E. E. Cummings published "next to of course god america i" in 1926 as part of his poetry collection Is 5, which contained a number of anti-war poems. In keeping with this, the poem satirizes the intense patriotism that many people adopted during World War I. A (very) loosely structured sonnet, the poem features a speaker who feverishly rants about America and war, making a number of patriotic and nationalistic comments that feel hollow. However, it's hard to determine if the speaker says these things sarcastically or if the speaker actually thinks this way. What remains clear is that the poem invites readers to think critically about excessive, unquestioning patriotism.
"next to of course god america i ...
... and so forth
... it we should worry
in every language ...
... gosh by gum
why talk of ...
... the roaring slaughter
they did not ...
... liberty be mute?"
He spoke. And ... glass of water
Select any word below to get its definition in the context of the poem. The words are listed in the order in which they appear in the poem.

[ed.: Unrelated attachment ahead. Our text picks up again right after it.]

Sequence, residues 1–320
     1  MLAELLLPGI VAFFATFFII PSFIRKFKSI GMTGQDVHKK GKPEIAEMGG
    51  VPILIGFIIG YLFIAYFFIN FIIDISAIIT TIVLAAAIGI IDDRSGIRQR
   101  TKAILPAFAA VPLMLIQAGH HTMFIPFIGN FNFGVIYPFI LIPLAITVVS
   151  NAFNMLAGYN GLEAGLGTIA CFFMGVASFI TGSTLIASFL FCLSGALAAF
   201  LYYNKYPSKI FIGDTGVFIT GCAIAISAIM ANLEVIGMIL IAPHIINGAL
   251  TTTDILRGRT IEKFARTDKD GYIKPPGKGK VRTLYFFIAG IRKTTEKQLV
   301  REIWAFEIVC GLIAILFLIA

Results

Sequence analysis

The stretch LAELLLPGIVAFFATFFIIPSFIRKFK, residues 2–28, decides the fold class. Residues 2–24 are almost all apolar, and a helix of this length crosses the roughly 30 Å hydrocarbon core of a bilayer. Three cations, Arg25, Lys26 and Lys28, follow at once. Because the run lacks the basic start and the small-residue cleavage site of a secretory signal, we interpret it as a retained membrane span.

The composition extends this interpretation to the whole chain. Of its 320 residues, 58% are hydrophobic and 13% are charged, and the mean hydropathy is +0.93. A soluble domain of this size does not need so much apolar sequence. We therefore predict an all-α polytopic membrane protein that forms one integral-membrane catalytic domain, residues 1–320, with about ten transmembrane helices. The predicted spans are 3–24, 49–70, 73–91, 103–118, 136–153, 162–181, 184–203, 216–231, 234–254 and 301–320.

Cummings Reads the Poem — Listen to E. E. Cummings himself read "next to of course god america i" in this old recording.
The Life of E. E. — To learn more about E. E. Cummings and his work, check out this brief overview of his life and writing.
Cummings's Paintings — E. E. Cummings was also a skilled painter—see for yourself in this short exploration of his visual art!
Structure and Style — This essay by the poet Paul Muldoon offers up an interesting investigation of Cummings's odd, inimitable style.
The Rebellion of E. E. Cummings — An interesting essay about E. E. Cummings's—and his unorthodox stylistic decisions—published in the magazine of his alma mater, Harvard University.
1"next to of course god america i
2love you land of the pilgrims' and so forth oh
3say can you see by the dawn's early my
4country 'tis of centuries come and go
5and are no more what of it we should worry
6in every language even deafanddumb
7thy sons acclaim your glorious name by gorry
8by jingo by gee by gosh by gum
9why talk of beauty what could be more beaut-
10iful than these heroic happy dead
11who rushed like lions to the roaring slaughter
12they did not stop to think they died instead
13then shall the voice of liberty be mute?"
14He spoke. And drank rapidly a glass of water